After hours: Diner seeks to bring Americans closer to home
September 18, 2008
The dining-car theme at Benjamins American Diner makes for a good first impression, particularly the murals, wood paneling and generously sized booths.
"Do not lean out of the window when the train is moving," a small sign at one table advises in jest.
After all, a person might get the wrong impression. You don’t have to be in the restaurant business to know that such a sight could derail food operations
On this day, the patrons are leaning over their lunch, instead, as waitress Irga Alazar hustles to stay on track as the orders roll in. Steam can be seen rising from the diner’s kitchen as a lone chef handles most, if not all, of the ticket orders.
Benjamins American Diner in Mannheim, Germany, offers a wide assortment of stateside favorites, from cheeseburgers and barbecue ribs to Reuben sandwiches and milkshakes. The fare also includes such favorites as chicken wings, onion rings, potato skins, tacos and Philly cheese steak sandwiches.
"We get a lot of Americans," Alazar says, "and on Saturdays breakfast is very popular."
Patrons interviewed for this piece concurred, noting how busy the place can get on weekend mornings. However, some customers said orders take too long to turn.
"It’s kind of slow," customer Jessica Rigdon said of the service, "so it’s not a place to go if you are in a hurry for lunch."
Rigdon, who works in the local USO office, and her husband have had breakfast at Benjamins several times. A native of New Jersey, Rigdon says she relishes any chance to enjoy a traditional American breakfast.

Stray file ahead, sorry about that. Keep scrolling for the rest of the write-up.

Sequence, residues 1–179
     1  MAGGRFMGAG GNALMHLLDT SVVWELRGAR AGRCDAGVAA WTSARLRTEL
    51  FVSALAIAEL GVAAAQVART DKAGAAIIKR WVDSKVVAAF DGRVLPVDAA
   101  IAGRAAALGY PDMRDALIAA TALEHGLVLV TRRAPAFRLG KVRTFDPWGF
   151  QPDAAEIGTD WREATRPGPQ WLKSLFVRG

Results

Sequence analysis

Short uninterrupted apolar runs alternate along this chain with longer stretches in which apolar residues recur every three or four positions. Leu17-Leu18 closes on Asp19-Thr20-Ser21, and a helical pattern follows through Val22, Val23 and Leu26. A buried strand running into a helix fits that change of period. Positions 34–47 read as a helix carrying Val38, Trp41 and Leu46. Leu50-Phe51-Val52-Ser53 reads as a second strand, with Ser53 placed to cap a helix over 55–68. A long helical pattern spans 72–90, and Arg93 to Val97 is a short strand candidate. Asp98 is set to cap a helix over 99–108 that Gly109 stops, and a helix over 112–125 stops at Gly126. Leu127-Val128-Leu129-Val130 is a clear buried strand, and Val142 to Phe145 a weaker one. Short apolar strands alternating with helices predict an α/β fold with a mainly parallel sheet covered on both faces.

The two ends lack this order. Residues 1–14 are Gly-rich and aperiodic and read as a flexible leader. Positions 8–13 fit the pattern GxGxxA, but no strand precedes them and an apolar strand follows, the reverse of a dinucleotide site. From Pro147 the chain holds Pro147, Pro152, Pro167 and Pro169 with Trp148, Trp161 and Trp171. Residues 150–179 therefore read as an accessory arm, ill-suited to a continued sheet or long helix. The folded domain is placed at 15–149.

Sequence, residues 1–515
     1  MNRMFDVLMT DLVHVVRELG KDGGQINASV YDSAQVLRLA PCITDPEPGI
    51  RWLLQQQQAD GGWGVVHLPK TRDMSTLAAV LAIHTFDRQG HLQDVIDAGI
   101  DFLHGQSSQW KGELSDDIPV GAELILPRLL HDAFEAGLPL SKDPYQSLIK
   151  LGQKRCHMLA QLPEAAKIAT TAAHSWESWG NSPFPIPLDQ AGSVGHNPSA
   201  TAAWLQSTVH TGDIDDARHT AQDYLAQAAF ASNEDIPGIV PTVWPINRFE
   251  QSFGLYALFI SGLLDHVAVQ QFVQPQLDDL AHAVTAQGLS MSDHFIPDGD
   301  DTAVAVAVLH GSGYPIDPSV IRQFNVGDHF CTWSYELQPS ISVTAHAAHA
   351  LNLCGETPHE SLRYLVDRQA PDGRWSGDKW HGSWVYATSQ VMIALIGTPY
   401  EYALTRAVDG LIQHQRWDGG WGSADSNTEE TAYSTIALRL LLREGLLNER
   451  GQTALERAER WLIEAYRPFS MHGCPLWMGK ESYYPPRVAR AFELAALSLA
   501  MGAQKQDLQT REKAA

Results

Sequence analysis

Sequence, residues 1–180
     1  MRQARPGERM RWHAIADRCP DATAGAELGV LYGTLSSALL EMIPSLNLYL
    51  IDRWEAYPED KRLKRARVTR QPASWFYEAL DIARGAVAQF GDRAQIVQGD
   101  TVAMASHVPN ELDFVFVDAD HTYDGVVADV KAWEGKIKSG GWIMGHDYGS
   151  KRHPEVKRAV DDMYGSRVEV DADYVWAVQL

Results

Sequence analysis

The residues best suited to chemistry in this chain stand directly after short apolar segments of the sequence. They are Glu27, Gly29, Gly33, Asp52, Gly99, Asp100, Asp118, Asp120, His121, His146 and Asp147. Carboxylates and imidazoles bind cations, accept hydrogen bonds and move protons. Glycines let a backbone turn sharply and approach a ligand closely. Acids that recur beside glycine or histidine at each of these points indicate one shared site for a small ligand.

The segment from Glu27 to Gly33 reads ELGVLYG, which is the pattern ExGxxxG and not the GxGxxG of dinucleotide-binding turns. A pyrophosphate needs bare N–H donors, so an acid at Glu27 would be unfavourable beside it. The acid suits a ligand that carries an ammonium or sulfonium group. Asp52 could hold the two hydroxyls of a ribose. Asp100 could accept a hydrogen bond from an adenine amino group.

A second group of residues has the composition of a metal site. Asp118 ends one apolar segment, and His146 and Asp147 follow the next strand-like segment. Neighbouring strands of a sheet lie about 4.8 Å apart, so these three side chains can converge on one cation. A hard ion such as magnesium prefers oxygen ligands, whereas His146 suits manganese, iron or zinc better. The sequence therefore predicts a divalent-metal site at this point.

"It’s not a bad place to go for pancakes, or for bacon and eggs," Rigdon said.
The diner has a small patio as well as a couple of areas upstairs to handle the peak periods. Unlike the main dining room, decorated to resemble a dining car, the second floor looks more like the setting for a hoedown.
Perhaps the best thing Benjamins has going for itself is its location. The Benjamin Franklin Village shopping area is but a horseshoe toss from the diner. It also has a wide-screen television and a small bar in the main compartment.
But ultimately this is a place folks go to calm their cravings for diner-style food.
"I would recommend it for its family atmosphere," Rigdon said.
Benjamins American Diner - Mannheim, Germany
Hours: Diner opens at 9 a.m. every day. It closes at 11 p.m., except on Friday and Saturday, when it stays open till midnight.
Specials: Meals are moderately priced. Expect to pay about 10 euros for breakfast. Lunch and dinner could be more, or less, depending on the order.
Clientele: About 40 percent of the clientele are Americans affiliated with the U.S. government.
Location: Gorxheimer Strasse 9, Mannheim. Restaurant is located just off the southwest corner of Benjamin Franklin Village shopping area. The diner is along a frontage road that is parallel with B38/A659. Prepare to exit as if going to BFV, but skirt past the ramp and the diner is just beyond the overpass.